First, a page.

- Support program volunteers through lesson planning, classroom maintenance, scheduling and arranging substitutes when needed
- Provide regular training opportunities and information sessions for volunteers
- Submit background checks (CORI) for volunteers and nursery attendants
- Promote awareness of Safe Church Policy among volunteers
Communication & Outreach
- Reach out to new families, especially those with young children
- Publicize and promote Children, Youth, and Family ministry activities by phone, e-mail, church website, Facebook, print, and personal contact
- Provide support and resources for families to assist in Christian faith formation at home
- Prepare materials for Weekly e-newsletter and monthly “Messenger”
- Develop and support new programs focusing on family ministry, such as short-term book groups, parenting classes, playgroups, etc.
Skills and Aptitudes Required
- Specific interest and talent in providing effective leadership to middle and high school aged youth
- Excellent communication skills with the ability to communicate and interact respectfully and effectively with the Pastor and other Church Staff, parents, children and youth, volunteers, members and guests.
- Excellent organizational skills with the ability to oversee and prioritize multiple projects and activities
- Basic computer and office equipment skills to include MS Office
- Ability to recruit and support volunteers and incorporate their feedback
- Ability to initiate new projects and programs
- Ability to work independently and efficiently
- 24 hours per week, including Sundays (actual hours and schedule flexibility will be determined by mutual agreement)
- Participate in weekly staff meeting
- Designated or shared office space
- Reports to Pastor
Physical Requirements of the Job
- Ability to operate standard office equipment
- High School Diploma or equivalent
- Bachelor of Arts or Science preferred
- Nursery Attendants
- Sunday School Teachers
- Christian Education and Family Ministry program Volunteers
Please submit your application to firstname.lastname@example.org
Congratulations to Dr. Nicole Johnson (STH 07)! She was awarded tenure at the University of Mount Union in Ohio! http://www.mountunion.edu/faculty-members-receive-promotions-and-tenure
STH Student Tackles Questions of Faith, Through Comics
Gaining a better understanding of what it means to be human
07.18.2013By Jessica Ullian (GRS’09)
Andrew Tripp (STH’09,’16) says that the superheroes popularized in comic books have much to teach us about what it means to be human. Photo by Ryan Hyde
Andrew Tripp believes in the power of stories, and his favorites tackle questions about Christianity, morality, and humanity. The Book of Job is one. Spider-Man is another.
“Peter Parker is finding out what it means to be a good person and how to use your talents for the common good,” says Tripp (STH’09,’16), a doctoral candidate in the School of Theology’s Center for Practical Theology, of the teenager behind Spider-Man’s mask. “There’s a huge segment of our culture that’s not religious, but has its moral cultivation met through that story.”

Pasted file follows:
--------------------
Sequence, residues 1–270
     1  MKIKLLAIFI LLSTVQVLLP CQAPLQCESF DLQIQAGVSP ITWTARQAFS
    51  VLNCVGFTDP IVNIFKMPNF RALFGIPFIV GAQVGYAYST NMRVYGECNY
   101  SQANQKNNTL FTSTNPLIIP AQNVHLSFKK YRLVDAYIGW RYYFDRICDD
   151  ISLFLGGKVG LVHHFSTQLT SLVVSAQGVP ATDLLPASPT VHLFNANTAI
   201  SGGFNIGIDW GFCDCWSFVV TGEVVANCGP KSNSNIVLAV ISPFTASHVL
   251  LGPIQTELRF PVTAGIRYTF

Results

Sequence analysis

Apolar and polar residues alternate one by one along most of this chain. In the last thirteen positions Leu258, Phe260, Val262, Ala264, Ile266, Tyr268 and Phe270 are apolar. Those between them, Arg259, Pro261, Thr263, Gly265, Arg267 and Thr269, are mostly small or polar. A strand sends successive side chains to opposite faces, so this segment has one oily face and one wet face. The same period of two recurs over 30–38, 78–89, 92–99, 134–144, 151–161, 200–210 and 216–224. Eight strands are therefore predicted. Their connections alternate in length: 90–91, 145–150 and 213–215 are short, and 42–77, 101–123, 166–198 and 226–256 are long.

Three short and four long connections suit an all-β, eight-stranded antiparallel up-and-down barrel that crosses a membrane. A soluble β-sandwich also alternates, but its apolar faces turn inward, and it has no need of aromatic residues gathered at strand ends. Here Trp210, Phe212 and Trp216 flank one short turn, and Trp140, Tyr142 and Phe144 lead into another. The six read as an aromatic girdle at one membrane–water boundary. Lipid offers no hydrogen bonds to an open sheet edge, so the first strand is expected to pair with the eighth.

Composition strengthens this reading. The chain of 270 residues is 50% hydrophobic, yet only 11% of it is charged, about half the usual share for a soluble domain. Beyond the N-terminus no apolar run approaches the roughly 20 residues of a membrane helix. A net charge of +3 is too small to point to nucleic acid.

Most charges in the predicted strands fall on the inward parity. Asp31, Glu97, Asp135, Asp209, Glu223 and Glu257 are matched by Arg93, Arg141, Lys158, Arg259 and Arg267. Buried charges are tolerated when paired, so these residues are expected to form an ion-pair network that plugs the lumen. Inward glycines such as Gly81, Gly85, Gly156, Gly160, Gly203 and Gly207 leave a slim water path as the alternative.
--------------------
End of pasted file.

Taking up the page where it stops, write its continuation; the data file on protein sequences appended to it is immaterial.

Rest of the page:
Comic books aren’t the core of Tripp’s research—he’s writing his dissertation about urban congregations with strong antipoverty programs—but they’re far more than a side interest. The self-proclaimed nerd is fascinated by the pop-culture narratives that people explore when they turn away from the church—and in using those narratives to understand how people think about right and wrong.
“As America grows more secular, there’s a need for clergy to understand how the unchurched have had their moral development,” Tripp says. “When you’re pastorally caring for someone, and you’re helping them integrate into a healthier story, you need to know the stories that have shaped their lives.”
Andrew Tripp’s favorite stories, among them the Book of Job and Spider-Man, tackle questions about Christianity, morality, and humanity. Photo courtesy of the School of Theology
His interest in the issue is more than academic. Raised in the Unitarian Universalist tradition, he found himself drifting away from the church at the end of high school, after his mother died. Still wrestling with questions about spirituality, he found solace in comics, where each character seemed to be struggling with issues he found familiar: Iron Man constantly battled his personal weaknesses while trying to represent peace and justice. The Fantastic Four’s Thing appeared impenetrably strong, but mourned for the loss of his humanity.
“It gave me a place to play,” Tripp says. “The superheroes and the comeback characters spoke to something profound about what it meant to be human.”
He studied chemistry in college and took a job in information technology after graduation. But he found himself longing for the sense of community a church provided, and he joined a congregation near his hometown of Buffalo, N.Y. As he became involved with the church’s committees and community service programs, he learned how the older parishioners had made service to the needy a priority throughout their lives and careers.